What is responsive design?
Responsive design is the practice of making a website respond to the width of the user’s viewport (window size) and adapt accordingly. In it’s early stage (5 years ago) it was also sometimes called ” adaptive” design, though usage of that term has pretty much disappeared.
Responsive design really only started manifesting when smartphones started to become popular. Sure, the idea had existed in some state for a while, developers had to accommodate for users with different sized monitors, but that was mostly dealt with by making your website as narrow as the lowest resolution monitor that would be viewing it. So for quite a few years the sweet spot for the width of a website ranged from 900-960 pixels. This way users on monitors with a 1024 x 768 resolution (the lowest common monitor resolution) would be able to see the whole site.
Why do we need responsive web design?
Now I don’t know what the resolution of your monitor is (I could take a pretty educated guess those thanks to the website analytics we have) but I’m going to guess that it’s a little better than 1024 x 768. Actually, according to our analytics, about 8-10% of you have a resolution of 1024 x 768 or lower. So if we make a site that caters specifically to those users, 90% of you are going to have a lot of unused real estate on your screen.
Now me personally, I have 3 monitors, one at 1440 x 900, one at 1920 x 1080, and one at 2560 x 1440 (it’s ok to be jealous of this last one). If I visit a website that’s 900 pixels wide there’s going to be anywhere from 540 to 1660 pixels of empty space on the sides of that site. So why don’t we do something with that? That’s where responsive design comes in.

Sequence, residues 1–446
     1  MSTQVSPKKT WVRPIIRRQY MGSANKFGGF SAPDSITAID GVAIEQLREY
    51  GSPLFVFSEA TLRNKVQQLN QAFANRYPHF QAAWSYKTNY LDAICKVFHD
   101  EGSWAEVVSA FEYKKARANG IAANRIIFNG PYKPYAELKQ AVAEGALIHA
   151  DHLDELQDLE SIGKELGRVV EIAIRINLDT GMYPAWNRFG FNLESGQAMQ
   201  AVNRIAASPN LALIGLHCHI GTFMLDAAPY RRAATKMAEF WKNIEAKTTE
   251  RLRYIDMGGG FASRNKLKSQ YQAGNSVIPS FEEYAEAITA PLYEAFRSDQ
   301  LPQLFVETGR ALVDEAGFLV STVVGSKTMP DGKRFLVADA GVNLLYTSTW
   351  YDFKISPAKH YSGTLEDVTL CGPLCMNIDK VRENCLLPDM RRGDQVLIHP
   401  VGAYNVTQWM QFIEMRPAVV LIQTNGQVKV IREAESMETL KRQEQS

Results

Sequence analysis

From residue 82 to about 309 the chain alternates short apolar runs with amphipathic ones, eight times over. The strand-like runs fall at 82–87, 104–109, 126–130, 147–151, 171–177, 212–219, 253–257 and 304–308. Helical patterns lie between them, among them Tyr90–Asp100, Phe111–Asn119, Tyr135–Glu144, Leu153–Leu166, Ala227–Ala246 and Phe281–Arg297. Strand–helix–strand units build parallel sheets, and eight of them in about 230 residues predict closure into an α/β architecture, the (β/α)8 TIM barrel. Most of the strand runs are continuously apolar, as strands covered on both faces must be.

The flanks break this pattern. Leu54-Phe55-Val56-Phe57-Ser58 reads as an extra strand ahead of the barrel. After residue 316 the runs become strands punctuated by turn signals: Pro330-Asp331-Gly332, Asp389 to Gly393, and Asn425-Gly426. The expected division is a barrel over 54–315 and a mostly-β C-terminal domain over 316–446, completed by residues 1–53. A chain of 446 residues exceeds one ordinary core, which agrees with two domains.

On the other end of screen resolution we have tablets and phones:
- iPhone 5: 1136 x 640
- iPhone 6: 1334×750
- iPhone 6+, Samsung Galaxy s5, HTC One: 1920 x 1080
- LG G3: 1440 x 2560
- iPad Air: 2048 x 1536
- Nexus 7: 1920 x 1200
- Kindle Fire HDX 8.9″: 2560 x 1600
- Microsoft Surface 3: 2160 x 1440
Wait, what? Those resolutions don’t seem that low… That’s where things get a bit complicated. See, if I served the same website to a phone with a 1920 x 1080 display as I served to a desktop with a 1920 x 1080 display it would be unreadable. So your phone actually does some scaling to make up for that fact. The iPhone 5’s scaled web resolution is actually 320 x 568. Most tablets size down to about 1024 x 768. There’s a great guide to the resolution of iPhones here.
To make a separate mobile site or not?
Some people get around the responsive issue by redirecting users to a completely separate site when they’re on a mobile device. From a user experience stand-point this is pretty atrocious. These sites often have no resemblance whatsoever to the main site and are often stripped of many features. I’ve seen very few good examples of mobile dedicated sites. It just makes more sense to make your site responsive.